In a more recent study of 80 teenagers and 80 young adults in Italy, Lee Strunin, a professor at the Boston University School of Public Health, found that drinking wine in a family setting offered some protection against bingeing and may encourage moderate drinking.

In other words, people who were never exposed to alcohol as young adults treated booze the way I treat bacon. The end result is that they didn’t know how to consume it (they’d never been taught the proper rituals) and were convinced that alcohol was this incredible reward, which is why they had to wait 21 years for it. And then they binge, which is why I always order the bacon cheeseburger.

Here’s an experiment I’d like to see: take a bunch of kids raised kosher and flash them pictures of bacon in an fMRI machine. Then, compare these scans to people with no dietary restrictions who were also shown pictures of treyf. (You’d need some non-kosher Jews for control.) Look for activity in the dopamine mid-brain. My hypothesis is that people who have never eaten bacon would be most excited by images of bacon. The forbidden fruit is the sweetest fruit.

Written by Leisureguy

26 March 2008 at 10:48 am

Posted in Daily life, Science

Monsanto: “Anything to increase profits”

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Good old capitalism at work. Of course, if consumers don’t want milk with bovine growth hormone, they can just vote with their feet—oh, wait. They can’t if Monsanto gets its way: consumers won’t have the necessary information. (Companies hate it when consumers vote with their feet. Companies don’t want consumers to vote once they’re buying the companies’ products—thus the great appeal of addictive products such as cigarettes, and the continuing effort of companies to hide true social costs and to keep information from consumers.) Here’s the story:

New York state dairy farmer John Bunting doesn’t use an artificial bovine growth hormone on his cows for one key reason. He doesn’t want them getting sick. “I care about my cows,” he said, “I like my cows.”

The growth hormone in question is made by the Monsanto Company. The current debate about Monsanto’s hormone involves labels. The multinational agricultural biotech company seems to be getting nervous about the prospect of telling consumers what’s in their milk – or rather, what’s not in their milk.

A Monsanto-backed advocacy group is now going from state to state, fighting labels that declare dairy products free from the bovine growth hormone. Monsanto is the only producer of an artificial hormone, the Posilac brand recombinant bovine somatotropin (rBST or rBGH), that increases milk production in cows. Labels saying “rBST-free” could lead to financial losses for the corporation.

The growth hormone can mean more milk at cheaper prices. But Posilac has been linked to health problems in both cows and humans — one reason the European Union and Canada both banned its use. Anti-labeling measures by Monsanto are facing a backlash from consumers who want to know what goes into their milk. Labeling would alert many to the fact that a large majority of American dairy products come from cows injected with the hormone. Many dairy processors are now using rBST-free alternative to meet these growing consumer concerns, for the hormone has been linked to cancer and other problems. Yet it doesn’t look like the FDA-approved synthetic hormone will be pushed out of the market any time soon.

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Written by Leisureguy

26 March 2008 at 10:32 am

Open Source Accounting Software

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Much more information here (including OpenCourseWare, degrees available, etc.), but here are the packages:

Open Source Accounting Software Rankings


OSAS is award-winning accounting software for Windows, Linux, UNIX and Mac users. The software is designed for small businesses, but can be customized to work for almost anyone. Primary features include budgeting and reporting tools, general ledger accounting and cost accounting capabilities.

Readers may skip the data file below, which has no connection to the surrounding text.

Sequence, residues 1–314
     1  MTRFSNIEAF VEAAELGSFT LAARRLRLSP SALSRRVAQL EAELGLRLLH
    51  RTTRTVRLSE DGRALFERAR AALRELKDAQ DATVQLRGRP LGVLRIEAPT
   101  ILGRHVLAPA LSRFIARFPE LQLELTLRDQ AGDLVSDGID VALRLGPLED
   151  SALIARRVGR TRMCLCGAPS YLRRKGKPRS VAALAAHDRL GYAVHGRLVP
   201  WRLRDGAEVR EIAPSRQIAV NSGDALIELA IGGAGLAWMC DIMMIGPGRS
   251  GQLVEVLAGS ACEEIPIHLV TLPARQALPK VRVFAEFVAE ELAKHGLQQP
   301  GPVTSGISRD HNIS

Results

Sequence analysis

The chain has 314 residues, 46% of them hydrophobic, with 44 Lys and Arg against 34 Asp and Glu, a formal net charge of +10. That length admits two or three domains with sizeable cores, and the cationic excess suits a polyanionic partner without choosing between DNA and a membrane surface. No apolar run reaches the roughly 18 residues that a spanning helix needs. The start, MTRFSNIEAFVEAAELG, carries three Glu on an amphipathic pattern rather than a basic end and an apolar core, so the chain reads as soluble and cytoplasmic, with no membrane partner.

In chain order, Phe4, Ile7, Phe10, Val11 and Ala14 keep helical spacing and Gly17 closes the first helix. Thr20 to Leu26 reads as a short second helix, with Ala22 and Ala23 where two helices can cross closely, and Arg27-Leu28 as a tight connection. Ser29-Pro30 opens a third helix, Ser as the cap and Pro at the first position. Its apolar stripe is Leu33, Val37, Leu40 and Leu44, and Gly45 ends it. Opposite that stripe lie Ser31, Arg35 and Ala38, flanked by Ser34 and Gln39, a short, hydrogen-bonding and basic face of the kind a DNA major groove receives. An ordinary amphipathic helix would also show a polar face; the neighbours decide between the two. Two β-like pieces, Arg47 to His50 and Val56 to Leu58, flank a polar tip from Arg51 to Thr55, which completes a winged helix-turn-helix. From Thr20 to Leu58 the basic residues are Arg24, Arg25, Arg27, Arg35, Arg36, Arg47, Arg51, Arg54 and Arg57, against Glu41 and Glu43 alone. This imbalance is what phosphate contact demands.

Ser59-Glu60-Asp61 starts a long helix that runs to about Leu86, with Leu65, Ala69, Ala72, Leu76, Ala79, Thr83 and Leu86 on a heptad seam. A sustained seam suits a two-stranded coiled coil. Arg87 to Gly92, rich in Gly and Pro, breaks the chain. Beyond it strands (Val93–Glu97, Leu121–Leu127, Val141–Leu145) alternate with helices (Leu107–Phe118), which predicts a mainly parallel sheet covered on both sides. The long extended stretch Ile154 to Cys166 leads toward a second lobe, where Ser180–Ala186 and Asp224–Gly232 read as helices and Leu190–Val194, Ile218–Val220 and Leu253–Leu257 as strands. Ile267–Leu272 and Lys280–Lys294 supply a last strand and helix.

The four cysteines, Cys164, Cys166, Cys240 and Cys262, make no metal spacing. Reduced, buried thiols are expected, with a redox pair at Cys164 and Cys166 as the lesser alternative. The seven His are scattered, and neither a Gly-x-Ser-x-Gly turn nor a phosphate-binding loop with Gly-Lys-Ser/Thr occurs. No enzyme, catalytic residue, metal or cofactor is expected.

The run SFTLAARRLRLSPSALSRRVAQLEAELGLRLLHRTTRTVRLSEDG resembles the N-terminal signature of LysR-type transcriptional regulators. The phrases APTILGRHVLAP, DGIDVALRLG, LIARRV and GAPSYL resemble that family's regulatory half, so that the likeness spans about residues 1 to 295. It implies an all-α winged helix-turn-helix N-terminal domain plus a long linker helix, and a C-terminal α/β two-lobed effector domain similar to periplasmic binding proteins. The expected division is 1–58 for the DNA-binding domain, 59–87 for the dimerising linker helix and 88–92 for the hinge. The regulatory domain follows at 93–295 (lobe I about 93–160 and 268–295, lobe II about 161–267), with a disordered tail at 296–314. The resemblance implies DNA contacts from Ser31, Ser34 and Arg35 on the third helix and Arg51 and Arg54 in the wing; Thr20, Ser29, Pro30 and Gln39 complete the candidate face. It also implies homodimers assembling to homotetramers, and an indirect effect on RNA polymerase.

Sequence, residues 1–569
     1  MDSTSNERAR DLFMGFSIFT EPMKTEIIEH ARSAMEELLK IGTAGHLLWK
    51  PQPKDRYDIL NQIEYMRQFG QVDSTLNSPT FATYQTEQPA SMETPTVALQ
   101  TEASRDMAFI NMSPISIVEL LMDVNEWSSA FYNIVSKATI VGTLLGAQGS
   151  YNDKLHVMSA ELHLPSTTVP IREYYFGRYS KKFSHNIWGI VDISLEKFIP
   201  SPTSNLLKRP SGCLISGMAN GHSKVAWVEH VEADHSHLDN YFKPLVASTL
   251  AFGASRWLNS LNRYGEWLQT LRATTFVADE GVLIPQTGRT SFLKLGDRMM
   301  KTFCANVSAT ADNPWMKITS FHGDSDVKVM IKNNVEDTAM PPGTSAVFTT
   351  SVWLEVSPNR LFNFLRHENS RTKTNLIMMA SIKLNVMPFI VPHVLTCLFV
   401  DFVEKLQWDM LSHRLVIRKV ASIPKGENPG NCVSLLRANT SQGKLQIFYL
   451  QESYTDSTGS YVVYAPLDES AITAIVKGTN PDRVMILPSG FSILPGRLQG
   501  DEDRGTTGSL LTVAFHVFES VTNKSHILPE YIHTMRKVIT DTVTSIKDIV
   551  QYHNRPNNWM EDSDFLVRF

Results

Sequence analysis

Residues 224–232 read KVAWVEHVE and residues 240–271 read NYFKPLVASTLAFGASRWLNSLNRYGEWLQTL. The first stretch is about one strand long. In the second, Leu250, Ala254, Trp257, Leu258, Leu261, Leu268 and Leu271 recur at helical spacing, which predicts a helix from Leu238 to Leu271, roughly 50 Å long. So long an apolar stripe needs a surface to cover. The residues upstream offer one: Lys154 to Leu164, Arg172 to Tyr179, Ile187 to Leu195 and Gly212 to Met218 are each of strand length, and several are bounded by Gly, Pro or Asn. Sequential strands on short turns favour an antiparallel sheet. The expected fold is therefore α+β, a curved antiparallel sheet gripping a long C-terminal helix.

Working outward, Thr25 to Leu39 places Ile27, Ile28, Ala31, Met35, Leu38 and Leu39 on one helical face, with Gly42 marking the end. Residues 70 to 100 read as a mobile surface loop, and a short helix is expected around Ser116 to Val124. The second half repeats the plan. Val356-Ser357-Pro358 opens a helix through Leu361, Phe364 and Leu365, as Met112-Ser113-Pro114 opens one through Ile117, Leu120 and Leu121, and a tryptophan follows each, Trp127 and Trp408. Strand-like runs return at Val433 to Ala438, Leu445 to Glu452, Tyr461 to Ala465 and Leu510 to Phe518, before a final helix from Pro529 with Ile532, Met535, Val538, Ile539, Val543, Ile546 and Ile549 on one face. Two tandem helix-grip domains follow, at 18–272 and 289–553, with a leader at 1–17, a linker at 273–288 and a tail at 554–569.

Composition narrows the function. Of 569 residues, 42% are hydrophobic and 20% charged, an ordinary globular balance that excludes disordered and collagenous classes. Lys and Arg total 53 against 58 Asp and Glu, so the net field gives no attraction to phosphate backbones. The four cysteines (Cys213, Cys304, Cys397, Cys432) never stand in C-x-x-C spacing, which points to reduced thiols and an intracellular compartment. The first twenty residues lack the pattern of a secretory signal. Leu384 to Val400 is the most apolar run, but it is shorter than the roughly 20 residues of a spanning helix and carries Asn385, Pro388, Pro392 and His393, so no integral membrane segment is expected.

GnuCash is freely licensed financial accounting software for individuals and small businesses. The software is easy to download and works with GNU/Linux, BSD, Solaris, Mac OS X and Microsoft Windows. Features include double-entry accounting, graphing and reporting capabilities, stock and mutual fund tracking, invoice generation, expense tracking, and other common financial tools.

#3 Grisbi

Grisbi is a basic personal accounting application for GNU/Linux and Windows users. The software allows you to manage multiple accounts, currencies and expenditures and comes with a free manual to guide you through the application.

#4 Quasar Accounting

Quasar is business accounting software that works with Windows or Linux. It is very similar to QuickBooks and has many useful features, such as import and export capabilities, easy data entry, a graphical user interface and the ability to manage multiple accounts and currencies.

#5 KMyMoney

Designed for Linux users, KMyMoney is free personal financial management software that uses double entry accounting principles. KMyMoney is easy to use and works a lot like Quicken and MS Money. Special features allow you to import and export data, categorize expenses and work with different accounts.

Written by Leisureguy

26 March 2008 at 10:21 am

Health plan differences

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Three different health plans from the three candidates:

…  The different proposals among the candidates — and in Washington — boil down to three issues: Who gets health insurance, how should they get it and who pays.Clinton’s and Obama’s plans are similar in many ways, but they disagree on at least one key point: Clinton would require all people to have insurance. Obama would only require parents to have coverage for their children.

McCain would emphasize tax credits to help purchase health coverage and not require anyone to have insurance.

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Written by Leisureguy

26 March 2008 at 10:04 am

Posted in Election, Medical

Yet another law-breaking president?

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McCain seems cast in the mold of George W. Bush: if the law seems restrictive, ignore the law. I just got this email:

John McCain is breaking the law.